triangular races and two races to wind
ward and return were sailed today in
the series to select a challenger for
the Seawanhaka cup. The Tecumseh
won the two triangular races and the
Crusader and the Seeress won one
each of the windward and leeward
The first race was sailed In a
strong to moderate air. The second
was light to strong. The third was
strong throughout, with a squall in
the middle, and the last was moderate
to light. The wind was southwest by
west in the first two and hauled to
west by south for the last two.
A triangular course was laid out one
and one-third miles to each leg, south
east by east, southwest by west and
north. The warning gun for the first
race was fired at 1 o'clock, and they
were sent away at 11, going over the
line on the starboard.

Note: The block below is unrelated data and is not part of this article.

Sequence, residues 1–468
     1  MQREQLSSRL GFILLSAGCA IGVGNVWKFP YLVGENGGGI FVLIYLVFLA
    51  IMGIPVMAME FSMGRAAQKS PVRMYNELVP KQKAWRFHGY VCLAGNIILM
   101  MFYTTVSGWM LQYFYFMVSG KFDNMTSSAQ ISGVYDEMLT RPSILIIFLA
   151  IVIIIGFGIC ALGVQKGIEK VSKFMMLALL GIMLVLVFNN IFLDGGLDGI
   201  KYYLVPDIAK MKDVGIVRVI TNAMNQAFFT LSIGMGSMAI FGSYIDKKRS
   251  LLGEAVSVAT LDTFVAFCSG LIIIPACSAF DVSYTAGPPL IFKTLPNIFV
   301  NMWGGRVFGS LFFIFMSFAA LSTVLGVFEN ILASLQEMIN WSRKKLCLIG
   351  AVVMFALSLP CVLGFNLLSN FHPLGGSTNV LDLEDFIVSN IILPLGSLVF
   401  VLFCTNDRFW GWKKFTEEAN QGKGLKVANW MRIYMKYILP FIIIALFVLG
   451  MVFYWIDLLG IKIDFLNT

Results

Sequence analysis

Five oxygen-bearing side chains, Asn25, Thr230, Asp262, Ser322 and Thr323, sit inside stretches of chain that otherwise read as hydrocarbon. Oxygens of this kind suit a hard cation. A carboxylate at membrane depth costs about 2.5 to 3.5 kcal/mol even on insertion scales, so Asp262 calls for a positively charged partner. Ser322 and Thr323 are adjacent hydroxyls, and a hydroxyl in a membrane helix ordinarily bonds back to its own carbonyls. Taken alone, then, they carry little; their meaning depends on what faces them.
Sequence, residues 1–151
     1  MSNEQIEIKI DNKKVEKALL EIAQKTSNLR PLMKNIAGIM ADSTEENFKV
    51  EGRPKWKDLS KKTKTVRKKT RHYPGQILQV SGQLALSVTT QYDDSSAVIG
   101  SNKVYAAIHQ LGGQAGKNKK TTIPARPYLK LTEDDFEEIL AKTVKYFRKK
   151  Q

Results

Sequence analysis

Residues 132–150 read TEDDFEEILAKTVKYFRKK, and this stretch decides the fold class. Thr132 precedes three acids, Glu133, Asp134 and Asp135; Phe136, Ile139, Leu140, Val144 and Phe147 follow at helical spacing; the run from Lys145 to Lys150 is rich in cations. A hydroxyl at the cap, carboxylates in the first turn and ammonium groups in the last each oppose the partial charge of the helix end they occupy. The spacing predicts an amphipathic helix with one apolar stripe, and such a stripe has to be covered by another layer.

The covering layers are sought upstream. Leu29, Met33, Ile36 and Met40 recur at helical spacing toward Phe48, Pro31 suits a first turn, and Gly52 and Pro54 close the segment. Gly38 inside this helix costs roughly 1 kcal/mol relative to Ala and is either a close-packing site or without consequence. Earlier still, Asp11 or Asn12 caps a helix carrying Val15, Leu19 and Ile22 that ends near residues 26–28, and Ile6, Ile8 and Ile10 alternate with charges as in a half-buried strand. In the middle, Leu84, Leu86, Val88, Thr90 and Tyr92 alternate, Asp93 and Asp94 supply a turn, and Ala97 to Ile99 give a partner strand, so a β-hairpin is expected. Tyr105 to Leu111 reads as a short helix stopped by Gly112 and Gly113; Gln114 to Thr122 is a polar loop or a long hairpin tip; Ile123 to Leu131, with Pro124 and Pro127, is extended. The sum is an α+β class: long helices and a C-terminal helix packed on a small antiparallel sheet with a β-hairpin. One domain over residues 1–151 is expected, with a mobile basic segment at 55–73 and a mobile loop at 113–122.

First Dead Heat at Sheepshead.
. NEW YORK, i July 3.—The - feature of
the racing at Sheep! head Bay today was
the finish In the fourth race, the Equality
stakes. Dublin arid Highlander, the fav
orites, coming to the wire on such even
terms * that ie judges were unable to
separate them, thus making it the first
dead heat of the year for the East. High
lander was a hot. favorite, closing at 7
i& V™ hii e 6 ito lwas laid against Dub
lin. Old England went to the front like
a quarter horse, with Dublin second. The
VKn lte i,was : Making the far turn,
Dublin showed in front and at the stretch
turn had a good le/ad on his field. Here
however, Martin began to ride the favor- ;
ite and closing very 'strong, got 'up In'
time to make It. a dead heat. The lime
1.39. was very fast, considering .that the
track^was not at its best. i The purse was
His Eminence, in the, last race, a handi
cap at one mile and a half on the turf
easily defeated Advance Guard. . ;
lomorrow the Lawrence ' Realization'
stake at one mile and five j furlongs, will
be the feature. - ,' ■ . ' " ;
i . Bad Field at St. Louis.
ST. ;L,OUIS, Mo., July 3.—Today's j Del
maT °. ar, Was : very commonplace, being
entirely devoid "of class. . The fields were
l? rf ii an i • m ade up for - the most part lof i